"God, you're the same age as my dad would have been. Maybe that's what it was? Anyway, when I watched you doing what you did that day, you reminded me so much of my father. That's what my dad would have done in the same circumstances, dived into the water to rescue someone without thinking of the danger to himself."

"I just did what was required Carrie. As did you, and Ben here! I'm sure anyone else would have done the same thing."

"You might think that Bill, but I know better. Most people would have stood on the bank and called for help, that's if they didn't just look away and pretend they didn't see anything."

"You have a low opinion of the general public Carrie." I suggested.

"After hearing Bethany's story, I don't have much confidence in many people!" Carrie exclaimed.

"Bethany?" I asked Carrie had confused me by mentioning the name.

"Yes Bethany, the pregnant girl you pulled out of the river that day. Ben and I have got to know her well."

So the young woman's name was Bethany; I finally knew her name. And she definitely had been pregnant; I suppose that that explained a lot to me. I was somewhat elated to hear that Carrie and Ben knew more about what had happened to her.

"How is she, I wondered how she'd got on; the newspapers never did say very much about her. Did she lose the baby, do you know?"

"No, she's fine. Actually she's a very plump Bethany now, you'd have trouble pulling her out of the water with that great big baby inside her."

"I assume the baby was connected in some way to what she did that day."

"Oh yeah, you can say that again; poor girl didn't know which way to turn."

"A bit drastic though, wasn't it? You know, trying to drown herself just because she was pregnant." I suggested.

"Well, maybe you wouldn't think that way if you knew her and what she'd been through. Look Bill, Beth had a very sheltered life. You know, she went to one of those convent schools and was never allowed around boys. Her parents kept her on a very tight leash and she was unbelievably naïve for a girl of her age. Anyway, when she eventually went to work, she was easy prey for some slimeball in her office. From what we've learnt, he was an older man and he knew all the tricks. Poor Bethany had no idea what game he was playing, and from what she says, at first she looked at him as a kind father figure in the office; until he seduced her."

"Ah, one of them!"

"Yeah a complete ars ... bastard. The bleeder was into her pants before poor Bethany really knew what was going on; I told you she was very naïve and had no idea how the buggers work. He'd given her all the old flannel, 'you're such a beautiful young woman' and 'My wife doesn't understand me.' Do I have to spell it all out?"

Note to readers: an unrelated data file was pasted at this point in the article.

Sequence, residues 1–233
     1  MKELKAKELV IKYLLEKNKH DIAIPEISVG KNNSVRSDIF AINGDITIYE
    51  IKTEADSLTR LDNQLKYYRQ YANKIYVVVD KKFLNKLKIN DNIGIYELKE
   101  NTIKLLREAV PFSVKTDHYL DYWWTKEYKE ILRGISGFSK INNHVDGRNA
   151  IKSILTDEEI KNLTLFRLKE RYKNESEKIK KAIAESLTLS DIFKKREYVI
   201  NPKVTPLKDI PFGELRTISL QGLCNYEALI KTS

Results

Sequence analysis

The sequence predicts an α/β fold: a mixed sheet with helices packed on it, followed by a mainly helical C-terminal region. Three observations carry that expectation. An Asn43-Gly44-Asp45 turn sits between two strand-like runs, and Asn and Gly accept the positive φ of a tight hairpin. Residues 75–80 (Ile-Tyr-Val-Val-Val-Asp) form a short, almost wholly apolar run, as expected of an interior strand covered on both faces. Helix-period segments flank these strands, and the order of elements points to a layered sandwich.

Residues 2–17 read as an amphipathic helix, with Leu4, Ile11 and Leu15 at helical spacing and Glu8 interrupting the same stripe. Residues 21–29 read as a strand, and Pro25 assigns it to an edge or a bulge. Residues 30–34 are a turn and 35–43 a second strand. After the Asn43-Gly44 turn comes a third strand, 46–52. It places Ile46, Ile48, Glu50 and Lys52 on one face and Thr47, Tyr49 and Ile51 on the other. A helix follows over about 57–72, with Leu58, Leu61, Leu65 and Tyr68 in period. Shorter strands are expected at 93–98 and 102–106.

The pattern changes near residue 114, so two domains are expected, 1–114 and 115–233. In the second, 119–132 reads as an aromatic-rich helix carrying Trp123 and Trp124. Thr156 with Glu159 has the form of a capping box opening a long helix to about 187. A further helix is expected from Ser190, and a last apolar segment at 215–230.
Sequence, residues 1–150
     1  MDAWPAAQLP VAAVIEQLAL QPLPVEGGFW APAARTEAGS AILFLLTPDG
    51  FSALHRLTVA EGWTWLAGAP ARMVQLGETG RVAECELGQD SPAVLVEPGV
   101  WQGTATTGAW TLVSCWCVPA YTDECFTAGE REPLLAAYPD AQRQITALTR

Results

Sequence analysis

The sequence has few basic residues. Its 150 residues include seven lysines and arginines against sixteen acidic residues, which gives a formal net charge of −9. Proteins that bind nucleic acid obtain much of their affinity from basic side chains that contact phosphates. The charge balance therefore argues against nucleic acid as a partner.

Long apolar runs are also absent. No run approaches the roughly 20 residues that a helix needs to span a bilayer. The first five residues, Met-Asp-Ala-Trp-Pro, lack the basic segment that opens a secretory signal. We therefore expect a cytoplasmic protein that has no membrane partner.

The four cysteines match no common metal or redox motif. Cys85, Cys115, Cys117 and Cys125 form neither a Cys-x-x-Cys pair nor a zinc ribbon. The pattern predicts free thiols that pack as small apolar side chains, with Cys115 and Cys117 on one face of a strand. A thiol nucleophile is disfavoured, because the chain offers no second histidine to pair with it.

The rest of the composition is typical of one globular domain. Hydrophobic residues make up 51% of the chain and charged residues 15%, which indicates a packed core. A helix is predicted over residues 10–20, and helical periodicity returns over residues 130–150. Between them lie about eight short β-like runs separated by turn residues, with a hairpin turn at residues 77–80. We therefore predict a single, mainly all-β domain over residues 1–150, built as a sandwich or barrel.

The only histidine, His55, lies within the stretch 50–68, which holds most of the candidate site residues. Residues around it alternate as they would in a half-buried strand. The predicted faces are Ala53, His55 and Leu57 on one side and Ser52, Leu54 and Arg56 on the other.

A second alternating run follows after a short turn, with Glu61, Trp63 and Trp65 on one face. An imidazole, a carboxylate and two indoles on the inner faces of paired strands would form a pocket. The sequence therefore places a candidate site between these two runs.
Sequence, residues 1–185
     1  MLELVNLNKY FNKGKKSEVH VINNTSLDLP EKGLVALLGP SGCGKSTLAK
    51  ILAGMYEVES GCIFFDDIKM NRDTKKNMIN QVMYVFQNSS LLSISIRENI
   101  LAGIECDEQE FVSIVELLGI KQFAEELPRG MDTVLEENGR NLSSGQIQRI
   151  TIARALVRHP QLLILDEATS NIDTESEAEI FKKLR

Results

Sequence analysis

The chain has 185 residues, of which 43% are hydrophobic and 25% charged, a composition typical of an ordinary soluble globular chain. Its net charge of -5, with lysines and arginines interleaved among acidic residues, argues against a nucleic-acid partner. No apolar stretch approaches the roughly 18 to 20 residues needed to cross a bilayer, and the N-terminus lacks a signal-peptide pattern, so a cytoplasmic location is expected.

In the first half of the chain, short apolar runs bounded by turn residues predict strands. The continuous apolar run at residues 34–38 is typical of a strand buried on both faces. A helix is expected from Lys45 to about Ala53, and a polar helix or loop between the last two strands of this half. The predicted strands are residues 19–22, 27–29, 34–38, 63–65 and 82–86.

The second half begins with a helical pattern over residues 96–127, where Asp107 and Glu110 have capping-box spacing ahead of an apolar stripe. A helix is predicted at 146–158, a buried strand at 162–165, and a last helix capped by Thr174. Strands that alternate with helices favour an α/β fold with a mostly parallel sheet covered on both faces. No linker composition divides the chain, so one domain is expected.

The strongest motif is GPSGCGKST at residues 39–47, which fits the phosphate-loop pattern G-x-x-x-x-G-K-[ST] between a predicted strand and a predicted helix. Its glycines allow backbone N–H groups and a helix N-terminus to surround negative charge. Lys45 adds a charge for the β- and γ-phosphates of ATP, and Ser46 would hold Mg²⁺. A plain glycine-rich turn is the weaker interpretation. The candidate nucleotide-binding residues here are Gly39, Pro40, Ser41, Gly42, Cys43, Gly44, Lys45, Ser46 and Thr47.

"No not really, standard office wolf stuff. Most women see through it though!" I pointed out.

"Unfortunately not when they are as naïve as Bethany. You know, they didn't even have a TV set in the house at home. Bethany was completely lost in the real world."

"So I assume that eventually Bethany got pregnant by said office wolf."

"Yes ... sooner rather than later though. The poor girl was so naive that she had no idea about birth control or anything. When she told him that she thought she was pregnant, he called her a scheming little slut who was trying to trap him for his money and told her to get lost."

"Arseho..." I began to say, but then checked myself; I was talking to a young lady.

"My sentiments exactly." Carrie replied, and then she went on. "Well, Beth told us that she didn't know what to do. Look, she was that naive she didn't even know that she could have turned to the social services for help. She agonised over telling anyone else that she was pregnant for a long time, but eventually she had to tell her parents. And their cold hearted reaction was to call her even worse names than he had done, and order her out of their house."

"Oh my. Are there people out there who don't have any compassion at all, even for their own children?" I commented.

"Unfortunately it seems that there are Bill!" Carrie replied. "Poor Bethany wandered the streets all night and found herself up there on the bridge the following afternoon. Well, you know what she did then, she really had no idea what else she could do."

"And now; how is Bethany getting along now?"

"Oh fine, all things considered. Social services found her a little one room flat for the time being. It's a bit of a dump ... well; you know what bedsits are like! But they say they'll move her to somewhere a little bigger when she's had the baby. My mum has really taken to Bethany and I wouldn't be surprised if she doesn't invite her to move into my room after Ben and I get married. Mum loves children; she can't wait for me to get pregnant."

"That's a relief to hear. I've always wondered what happened to the girl."

"Well Bill, what about my request?" Carrie suddenly asked.